A British writer in San Francisco. Andrew writes screenplays, short fiction, and about music and the arts for the San Francisco Chronicle, SF Weekly and Drowned in Sound. All published writing is gathered here.
Canon in the 1990s: From Spiritualized to Coolio, Regurgitating Pachelbel's Canon
In November 1994 Green Day released 'Basket Case', the third single from their third album, Dookie. The melodic punk-pop gem spent five weeks at the top of the US Modern Rock Tracks chart and was the band’s first UK top ten hit. Six months earlier A & R man Rob Cavallo had heard a demo of the song and promptly signed the indie punk revivalists to the major label, Reprise. The band has since gone on to become one of the world’s best selling artists of all time, selling over 75 million records. Beyond its commercial success 'Basket Case' was also critically acclaimed. The New York Times describing it as “...fast, funny, catchy and high-powered.” BBC Radio One listeners voted it “The Greatest Punk Song of All Time” in 2006. Missing from any of the appraisal was mention of the chord progression, which closely mirrored a piece of chamber music written in the seventeenth century by Johann Pachelbel, Canon in D.
Oasis released 'Don’t Look Back in Anger' at the peak of their short-lived world domination in 1996. The NME voted it number one in the “Most Explosive Choruses Ever” chart, and Q Magazine voted it the 20th greatest song of all time. Songwriter Noel Gallagher has regularly acknowledged his plundering of other’s music, and even admitted that the song’s opening piano riff is “about 50%” stolen from John Lennon’s “Imagine.” He didn’t mention how the song also utilizes the same chord progression as Pachelbel’s, with a slight variation in the final bar.
The regurgitation of this chord structure in the pop music of the 1990s is remarkable. Beyond Oasis and Green Day the sequence could be found across the charts, in every genre: Aerosmith’s 'Cryin’' (1993), Tupac’s 'Life Goes On' (1996), Coolio’s 'C U When You Get There' (1997), Spiritualized’s 'Ladies and Gentlemen we are Floating Space' (1997), Belle & Sebastian’s 'Get Me Away From Here I’m Dying' (1996). The chords in question, when played in the key of D Major as Johann intended, run through D major, A major, B minor, F# minor, G major, D major, G major and A major.
Beyond folk singer Ralph McTell’s 'Streets of London' (1974) few examples of the chord sequence can be found before 1980. This maybe because Robert Redford’s directorial debut, Ordinary People, released that year, used the original chamber piece as its theme. This score was splashed all over the 53rd Academy Awards as the film won four Oscars, including Best Picture. This may be when the descending chord sequence was definitively reintroduced to western popular culture.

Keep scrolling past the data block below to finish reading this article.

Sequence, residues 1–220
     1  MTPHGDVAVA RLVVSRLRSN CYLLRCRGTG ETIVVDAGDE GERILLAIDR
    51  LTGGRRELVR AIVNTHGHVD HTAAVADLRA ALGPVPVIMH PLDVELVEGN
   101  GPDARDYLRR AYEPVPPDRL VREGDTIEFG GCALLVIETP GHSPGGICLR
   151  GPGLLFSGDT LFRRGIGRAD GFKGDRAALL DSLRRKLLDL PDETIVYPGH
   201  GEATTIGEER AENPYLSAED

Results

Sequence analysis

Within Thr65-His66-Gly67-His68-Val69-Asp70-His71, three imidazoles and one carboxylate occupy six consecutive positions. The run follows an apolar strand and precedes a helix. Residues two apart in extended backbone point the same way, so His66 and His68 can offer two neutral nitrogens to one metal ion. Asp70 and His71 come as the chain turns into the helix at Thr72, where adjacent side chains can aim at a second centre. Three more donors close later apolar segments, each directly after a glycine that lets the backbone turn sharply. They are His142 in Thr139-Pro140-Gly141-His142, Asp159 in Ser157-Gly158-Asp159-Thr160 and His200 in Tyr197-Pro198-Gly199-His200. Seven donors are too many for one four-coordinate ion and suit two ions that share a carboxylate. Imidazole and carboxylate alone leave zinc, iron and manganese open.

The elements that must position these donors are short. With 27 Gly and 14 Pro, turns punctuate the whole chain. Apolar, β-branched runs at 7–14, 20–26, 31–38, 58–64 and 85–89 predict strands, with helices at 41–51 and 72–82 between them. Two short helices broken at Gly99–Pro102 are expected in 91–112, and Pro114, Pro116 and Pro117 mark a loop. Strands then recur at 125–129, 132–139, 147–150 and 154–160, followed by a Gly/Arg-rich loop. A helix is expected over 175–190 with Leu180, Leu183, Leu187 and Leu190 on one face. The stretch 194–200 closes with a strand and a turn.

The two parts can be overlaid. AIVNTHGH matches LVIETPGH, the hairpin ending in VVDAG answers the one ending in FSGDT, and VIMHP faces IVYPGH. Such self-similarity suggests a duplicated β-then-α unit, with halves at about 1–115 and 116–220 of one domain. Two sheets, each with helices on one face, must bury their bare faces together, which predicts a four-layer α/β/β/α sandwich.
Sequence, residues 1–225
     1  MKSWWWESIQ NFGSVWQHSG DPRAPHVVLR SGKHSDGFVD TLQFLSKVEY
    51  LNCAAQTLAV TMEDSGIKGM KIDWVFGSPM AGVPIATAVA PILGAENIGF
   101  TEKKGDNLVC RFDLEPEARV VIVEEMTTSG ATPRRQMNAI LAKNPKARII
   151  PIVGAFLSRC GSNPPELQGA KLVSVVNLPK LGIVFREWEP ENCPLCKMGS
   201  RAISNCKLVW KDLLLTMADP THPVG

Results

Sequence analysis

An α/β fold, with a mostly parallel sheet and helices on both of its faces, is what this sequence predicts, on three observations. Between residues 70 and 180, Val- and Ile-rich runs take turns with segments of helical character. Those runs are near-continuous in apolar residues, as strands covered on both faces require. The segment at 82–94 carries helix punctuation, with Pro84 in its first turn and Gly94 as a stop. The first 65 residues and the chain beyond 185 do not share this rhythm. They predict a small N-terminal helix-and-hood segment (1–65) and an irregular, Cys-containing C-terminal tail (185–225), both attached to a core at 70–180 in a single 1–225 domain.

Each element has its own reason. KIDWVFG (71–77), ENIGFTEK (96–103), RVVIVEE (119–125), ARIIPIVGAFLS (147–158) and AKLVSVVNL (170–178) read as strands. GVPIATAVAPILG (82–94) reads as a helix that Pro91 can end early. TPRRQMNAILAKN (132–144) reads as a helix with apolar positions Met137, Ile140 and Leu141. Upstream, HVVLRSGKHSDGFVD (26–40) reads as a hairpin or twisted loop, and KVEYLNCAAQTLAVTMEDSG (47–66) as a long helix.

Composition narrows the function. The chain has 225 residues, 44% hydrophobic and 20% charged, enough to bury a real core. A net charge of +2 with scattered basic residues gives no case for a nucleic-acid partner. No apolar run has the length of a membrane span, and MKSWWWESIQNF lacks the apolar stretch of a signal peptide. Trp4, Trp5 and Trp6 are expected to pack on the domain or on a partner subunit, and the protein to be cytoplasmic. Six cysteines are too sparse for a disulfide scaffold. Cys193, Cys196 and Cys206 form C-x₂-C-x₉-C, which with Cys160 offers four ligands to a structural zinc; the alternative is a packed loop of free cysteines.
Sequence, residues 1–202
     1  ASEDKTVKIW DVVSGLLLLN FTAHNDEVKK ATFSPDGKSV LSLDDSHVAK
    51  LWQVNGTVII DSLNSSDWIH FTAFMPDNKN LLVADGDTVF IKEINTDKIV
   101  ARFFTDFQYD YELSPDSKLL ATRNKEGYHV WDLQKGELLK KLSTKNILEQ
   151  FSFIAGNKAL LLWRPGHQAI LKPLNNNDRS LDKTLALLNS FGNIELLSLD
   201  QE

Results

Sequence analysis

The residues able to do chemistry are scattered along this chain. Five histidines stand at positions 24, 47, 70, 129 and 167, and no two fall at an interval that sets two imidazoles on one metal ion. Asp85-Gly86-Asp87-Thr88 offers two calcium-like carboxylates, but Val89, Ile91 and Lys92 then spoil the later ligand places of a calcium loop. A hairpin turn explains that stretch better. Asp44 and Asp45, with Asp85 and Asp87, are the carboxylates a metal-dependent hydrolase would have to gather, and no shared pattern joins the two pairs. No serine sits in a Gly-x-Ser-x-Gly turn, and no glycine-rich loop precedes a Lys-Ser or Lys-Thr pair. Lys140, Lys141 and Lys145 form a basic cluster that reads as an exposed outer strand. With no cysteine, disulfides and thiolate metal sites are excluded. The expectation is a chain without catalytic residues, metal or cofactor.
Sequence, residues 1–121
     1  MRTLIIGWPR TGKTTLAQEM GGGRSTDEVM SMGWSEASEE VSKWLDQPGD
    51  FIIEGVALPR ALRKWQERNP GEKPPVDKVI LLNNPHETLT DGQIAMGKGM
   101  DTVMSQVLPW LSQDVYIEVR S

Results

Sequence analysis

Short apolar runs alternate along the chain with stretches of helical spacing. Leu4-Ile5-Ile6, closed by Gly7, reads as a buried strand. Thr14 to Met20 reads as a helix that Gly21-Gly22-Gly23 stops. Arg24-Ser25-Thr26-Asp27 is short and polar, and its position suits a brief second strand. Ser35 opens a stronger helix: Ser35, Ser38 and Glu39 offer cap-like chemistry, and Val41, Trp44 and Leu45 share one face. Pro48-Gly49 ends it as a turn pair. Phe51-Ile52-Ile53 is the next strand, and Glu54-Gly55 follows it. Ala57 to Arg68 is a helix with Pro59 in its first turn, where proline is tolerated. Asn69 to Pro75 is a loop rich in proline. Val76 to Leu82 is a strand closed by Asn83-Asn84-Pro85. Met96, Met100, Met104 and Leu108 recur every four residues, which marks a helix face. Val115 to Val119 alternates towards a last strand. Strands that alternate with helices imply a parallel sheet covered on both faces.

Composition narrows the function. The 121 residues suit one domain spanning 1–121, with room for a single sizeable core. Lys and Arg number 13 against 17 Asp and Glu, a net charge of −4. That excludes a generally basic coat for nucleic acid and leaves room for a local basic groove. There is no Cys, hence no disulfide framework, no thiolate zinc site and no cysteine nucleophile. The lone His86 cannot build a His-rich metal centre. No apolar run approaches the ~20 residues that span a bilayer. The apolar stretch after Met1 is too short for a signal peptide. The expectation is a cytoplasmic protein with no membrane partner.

Beyond its prevalence in the charts, what’s more noteworthy is that many artists who used the sequence created their biggest (and in some cases only) commercial hit in doing so, such as The Farm with 'All Together Now' (1990) and Vitamin C’s 'Graduation Song' (2000).
There is also something in those eight chords that inspires communal singing among large crowds of young men. The Village People’s 'Go West', popularized by The Pet Shop Boys in 1993, is chanted every week by thousands of people in unison, with varying lyrics, in football stadiums across Europe. Variations include “One-nil to the Eng-Ger-Land”, “Stand Up if you hate Man U!” or the German’s slightly less vitriolic “Steht auf wenn ihr löwen seid!” (Stand up if you’re Lions!) The aforementioned “All Together Now” by The Farm is also prevalent in the terraces and was actually licensed by Everton Football Club as their official song in 1995, and again by the England team in 2004. It also happens that “Don’t Look Back in Anger” is the only song for which on an entire world tour in 2009 Noel Gallagher would turn his microphone to the arena (Oasis fans have often been compared to a football crowd), to let them take the lead vocal.
Unlike Jazz, pop music works because of repetition. From repeating the same melodic and lyrical phrase three or more times to form a catchy chorus (“Lucy in the sky with diamonds! Lucy in the sky…”) to then repeating that chorus three or more times within the same song. Even if the listener hadn’t heard the song before, through repetition of the phrase they may be singing along by the last chorus. The next time they listen they’ll sing along on the first line of the first chorus, and when people sing along, records are sold.